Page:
In Rambam Hospital's waiting room

July 27, 2006 11:46
1 minute read.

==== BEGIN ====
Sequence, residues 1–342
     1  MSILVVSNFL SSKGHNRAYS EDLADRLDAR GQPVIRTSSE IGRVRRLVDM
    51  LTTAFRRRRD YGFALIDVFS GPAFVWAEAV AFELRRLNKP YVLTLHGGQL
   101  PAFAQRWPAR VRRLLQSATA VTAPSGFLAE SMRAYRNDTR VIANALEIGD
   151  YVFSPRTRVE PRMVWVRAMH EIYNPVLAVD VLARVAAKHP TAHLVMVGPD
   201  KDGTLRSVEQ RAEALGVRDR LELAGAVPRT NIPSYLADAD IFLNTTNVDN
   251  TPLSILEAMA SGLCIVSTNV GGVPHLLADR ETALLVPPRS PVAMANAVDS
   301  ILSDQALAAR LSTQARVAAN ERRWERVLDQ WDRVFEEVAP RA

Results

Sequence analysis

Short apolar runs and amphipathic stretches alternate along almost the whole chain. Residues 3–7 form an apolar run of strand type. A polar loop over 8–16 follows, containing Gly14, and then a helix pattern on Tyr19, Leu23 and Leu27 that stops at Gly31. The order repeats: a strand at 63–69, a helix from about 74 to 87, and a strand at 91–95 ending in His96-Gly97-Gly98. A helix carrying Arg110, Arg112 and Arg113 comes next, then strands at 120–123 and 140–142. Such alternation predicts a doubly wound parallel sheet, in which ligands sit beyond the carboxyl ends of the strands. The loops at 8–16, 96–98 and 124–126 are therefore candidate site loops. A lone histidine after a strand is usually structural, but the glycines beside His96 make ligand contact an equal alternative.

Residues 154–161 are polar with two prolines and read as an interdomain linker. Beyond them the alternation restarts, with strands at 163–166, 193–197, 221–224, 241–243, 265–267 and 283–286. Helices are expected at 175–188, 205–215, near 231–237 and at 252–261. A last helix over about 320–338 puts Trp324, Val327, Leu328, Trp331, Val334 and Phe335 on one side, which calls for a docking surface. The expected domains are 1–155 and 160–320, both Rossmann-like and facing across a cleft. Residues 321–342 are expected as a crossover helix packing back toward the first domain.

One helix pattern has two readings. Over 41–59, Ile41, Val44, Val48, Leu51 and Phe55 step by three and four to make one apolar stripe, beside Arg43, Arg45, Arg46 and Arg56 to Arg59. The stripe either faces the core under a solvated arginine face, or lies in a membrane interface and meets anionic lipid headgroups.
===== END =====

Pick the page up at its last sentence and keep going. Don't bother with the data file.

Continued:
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Dozens of soldiers filled the halls and the waiting room at Haifa's Rambam Hospital on Wednesday, which was treating 24 men who were wounded in Lebanon. Two of the 24 were in serious condition and six were moderately wounded. The remainder were lightly wounded. Soldiers sat on the floor with their backs against a ledge, or on a small wall near the emergency room. One soldier who sat outside smoking said that many members of his unit were inside, injured. Liore Sharabi was among those who were lightly wounded. He sat up in bed wearing a kippa and glasses as another wounded soldier lay asleep in the bed along side his. A student at the Hesder Yeshiva in Sderot, Sharabi left a city that had suffered barrages of Kassam rockets to help stop Hizbullah from launching rockets into northern cities and towns. He dismissed the Kassams with a smile. "I've gotten used to them," he said. What was new for him was facing such heavy fire. He said his unit was sent to Bint Jbail to rescue wounded soldiers. As gunfire raged around them, his unit moved the wounded into a house. Sharabi himself was wounded by shrapnel in his leg. He made his way into the home and was later evacuated. "I never thought I would be in that kind of a situation," said Sharabi, who lives in Adam near Jerusalem. He turns 21 in August and is due to be released from the army next month. As he spoke, his mother watched the news on a television screen above his head. She moved to make way for a third injured soldier who was wheeled into the room along with his mother, Yaffa Golan of Ashkelon. Knowing that her son, 21, was serving in Lebanon, Golan has been glued to the news, either television or radio, for the last two weeks. When she first heard that soldiers had been wounded Wednesday, she tried to call her son, but to her dismay there was no answer. Instead she received a call from Rambam Hospital informing her that he was among those lightly wounded. While he lay in the hospital bed joking with his friends who were visiting, she stood nervously at the edge of his bed. "I'm calmer now," the mother said.

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